A favorite field of criticism is the study of writers’ autobiography and their relationship both to fictional works and real life facts and events. Although in drama it is a neglected area, one can think of the documentary and autobiographical feature of Arthur Miller’s play, After the Fall and his autobiographical prose Timebends: A Life. A comparison of them can demonstrate several concordances between the two, although After the Fall is staged neither as a documentary play, nor as an autobiographical drama. The fact that there is no autobiographical drama challenges the concept of a theatre which is based on “real things”.


Film: feature film, documentary and mockumentary

Studying the art of film can help to realize that document is primarily not a “what” but a “how”. Mockumentary (a mockery) is a type of film which uses the techniques and dramaturgy of documentary films, but presents a made up story based on fictitious facts. A famous Hungarian example is The Real Mao (1994), a film by Szilveszter Siklósi, using the clichés of the documentary film genre, including interviews with experts, black-and-white “historical” film extracts etc. Theatre can (or could) use the same means to present false “documents” as a basis for a docudrama or a “theatre of the real”. This method of using false documents is well known in literature.  


Aims and functions of theatre

In different historical periods, in different cultures, in different social contexts theatre can have different functions. Some of the many can be to educate the people, to entertain the audience, but it can also aim at transforming the spectators, to activate them, to motivate their social and political activity. Current social issues, traumas of the recent past can be presented through those new theatrical genres which have been gathered by Carol Martin under the term, the theatre of the real.[2] These include docudrama, documentary theatre, verbatim theatre, reality-based theatre, theatre of fact etc. These types of theatre intend to go beyond aesthetic amusement, and entertainment, they try to restore theatre as a moral institution, to reinforce the ethical aspect of the arts. Nowadays it seems that these intensions often go together with the idea and practice that facts, documents, real life events can better serve this aim.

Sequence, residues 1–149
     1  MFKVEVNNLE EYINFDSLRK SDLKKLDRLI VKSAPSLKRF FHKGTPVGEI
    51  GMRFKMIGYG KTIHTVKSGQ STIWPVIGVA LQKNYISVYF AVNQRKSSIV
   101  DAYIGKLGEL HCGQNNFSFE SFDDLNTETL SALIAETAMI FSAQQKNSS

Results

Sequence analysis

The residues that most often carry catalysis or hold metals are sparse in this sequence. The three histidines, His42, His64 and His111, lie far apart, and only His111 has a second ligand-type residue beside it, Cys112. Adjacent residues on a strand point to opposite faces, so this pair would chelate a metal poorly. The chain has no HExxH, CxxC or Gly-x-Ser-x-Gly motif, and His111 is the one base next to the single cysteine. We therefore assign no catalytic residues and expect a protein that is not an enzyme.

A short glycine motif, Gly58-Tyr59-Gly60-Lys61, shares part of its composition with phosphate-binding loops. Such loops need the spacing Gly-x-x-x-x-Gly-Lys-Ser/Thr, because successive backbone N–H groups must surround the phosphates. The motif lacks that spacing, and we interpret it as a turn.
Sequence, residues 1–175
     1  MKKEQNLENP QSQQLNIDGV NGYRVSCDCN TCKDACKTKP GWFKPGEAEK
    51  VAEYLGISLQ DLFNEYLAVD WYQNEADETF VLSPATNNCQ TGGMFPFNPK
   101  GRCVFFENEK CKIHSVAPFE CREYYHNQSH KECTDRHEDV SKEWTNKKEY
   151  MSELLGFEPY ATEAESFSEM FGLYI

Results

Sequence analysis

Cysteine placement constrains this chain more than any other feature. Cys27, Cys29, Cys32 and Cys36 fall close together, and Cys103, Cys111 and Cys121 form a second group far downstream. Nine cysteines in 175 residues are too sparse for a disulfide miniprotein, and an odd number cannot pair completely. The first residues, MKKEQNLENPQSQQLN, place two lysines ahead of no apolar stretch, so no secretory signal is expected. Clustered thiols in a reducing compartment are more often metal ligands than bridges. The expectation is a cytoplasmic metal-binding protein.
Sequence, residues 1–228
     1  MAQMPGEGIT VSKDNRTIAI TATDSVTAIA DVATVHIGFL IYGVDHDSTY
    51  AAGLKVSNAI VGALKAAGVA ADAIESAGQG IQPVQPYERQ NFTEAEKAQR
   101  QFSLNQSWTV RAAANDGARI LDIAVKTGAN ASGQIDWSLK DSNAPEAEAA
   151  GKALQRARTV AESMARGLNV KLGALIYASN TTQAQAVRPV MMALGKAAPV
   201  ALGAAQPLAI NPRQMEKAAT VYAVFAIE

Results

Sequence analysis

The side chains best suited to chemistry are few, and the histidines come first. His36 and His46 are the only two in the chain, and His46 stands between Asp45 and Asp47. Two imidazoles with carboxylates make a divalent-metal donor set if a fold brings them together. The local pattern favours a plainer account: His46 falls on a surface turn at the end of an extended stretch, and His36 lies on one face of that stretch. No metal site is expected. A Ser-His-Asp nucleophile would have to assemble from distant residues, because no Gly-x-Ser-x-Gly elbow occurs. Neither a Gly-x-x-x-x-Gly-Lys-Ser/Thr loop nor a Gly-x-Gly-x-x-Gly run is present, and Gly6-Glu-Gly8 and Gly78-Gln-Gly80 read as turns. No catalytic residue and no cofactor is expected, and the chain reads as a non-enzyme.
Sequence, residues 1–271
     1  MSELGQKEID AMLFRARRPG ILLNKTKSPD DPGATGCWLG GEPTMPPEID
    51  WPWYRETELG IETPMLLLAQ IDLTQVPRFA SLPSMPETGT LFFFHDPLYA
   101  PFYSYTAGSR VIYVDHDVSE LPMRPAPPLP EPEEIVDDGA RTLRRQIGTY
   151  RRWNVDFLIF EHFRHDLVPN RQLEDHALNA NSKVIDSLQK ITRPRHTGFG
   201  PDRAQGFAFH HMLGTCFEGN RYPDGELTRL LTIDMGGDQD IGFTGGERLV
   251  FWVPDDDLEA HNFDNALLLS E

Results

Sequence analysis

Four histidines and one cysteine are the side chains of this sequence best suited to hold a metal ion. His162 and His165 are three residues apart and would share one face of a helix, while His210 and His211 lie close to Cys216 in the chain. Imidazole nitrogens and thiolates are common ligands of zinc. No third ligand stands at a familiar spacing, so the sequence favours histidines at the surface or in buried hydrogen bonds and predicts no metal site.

Theatrical presence as an overall reality

But the context seems to be prior to the fact and the document based content. Brecht once wrote that „theatre theatricalize everything into itself” („Theater theatert alles ein”).[3] This can be accepted as an overall feature of theatre. Therefore it can be declared that regardless of the source, should it be a dramatic (fictitious) play or a written document (a piece of fact), the result is pretty much the same, i.e. a theatrical piece, an artistic work which can be presented and marketed as documentary, but which will inevitably represent the medium of theatricality.

[1] SZONDI, Peter, Theorie des modernen Dramas (1880 – 1950), Frankfurt a M, Suhrkamp, 1963, 86.

[2] MARTIN, Carol (ed), Dramaturgy of the Real on the World Stage, London, Palgrave, 2011.

[3] BRECHT, Bertolt, Anmerkungen zur „Dreigroschenoper”, in Unseld Siegfried (Hg.), Bertolt Brechts Dreigroschenbuch. Texte, Materalien, Dokumente, Frankfurt a M, Suhrkamp, 1973, 90.